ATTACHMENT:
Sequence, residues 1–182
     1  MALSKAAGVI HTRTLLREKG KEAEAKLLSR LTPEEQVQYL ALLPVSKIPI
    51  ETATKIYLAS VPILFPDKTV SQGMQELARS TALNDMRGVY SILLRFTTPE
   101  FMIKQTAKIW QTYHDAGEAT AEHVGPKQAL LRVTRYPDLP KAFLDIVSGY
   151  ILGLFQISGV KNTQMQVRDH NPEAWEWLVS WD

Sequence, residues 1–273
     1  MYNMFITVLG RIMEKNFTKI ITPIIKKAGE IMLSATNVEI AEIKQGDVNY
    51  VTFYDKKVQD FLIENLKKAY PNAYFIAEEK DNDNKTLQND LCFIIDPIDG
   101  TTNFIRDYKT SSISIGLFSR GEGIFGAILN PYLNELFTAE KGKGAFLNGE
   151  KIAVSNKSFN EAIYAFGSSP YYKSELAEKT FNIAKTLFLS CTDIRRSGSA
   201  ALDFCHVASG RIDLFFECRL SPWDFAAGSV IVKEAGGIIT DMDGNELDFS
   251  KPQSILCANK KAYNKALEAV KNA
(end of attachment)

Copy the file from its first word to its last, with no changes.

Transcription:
Sequence, residues 1–182
     1  MALSKAAGVI HTRTLLREKG KEAEAKLLSR LTPEEQVQYL ALLPVSKIPI
    51  ETATKIYLAS VPILFPDKTV SQGMQELARS TALNDMRGVY SILLRFTTPE
   101  FMIKQTAKIW QTYHDAGEAT AEHVGPKQAL LRVTRYPDLP KAFLDIVSGY
   151  ILGLFQISGV KNTQMQVRDH NPEAWEWLVS WD

Sequence, residues 1–273
     1  MYNMFITVLG RIMEKNFTKI ITPIIKKAGE IMLSATNVEI AEIKQGDVNY
    51  VTFYDKKVQD FLIENLKKAY PNAYFIAEEK DNDNKTLQND LCFIIDPIDG
   101  TTNFIRDYKT SSISIGLFSR GEGIFGAILN PYLNELFTAE KGKGAFLNGE
   151  KIAVSNKSFN EAIYAFGSSP YYKSELAEKT FNIAKTLFLS CTDIRRSGSA
   201  ALDFCHVASG RIDLFFECRL SPWDFAAGSV IVKEAGGIIT DMDGNELDFS
   251  KPQSILCANK KAYNKALEAV KNA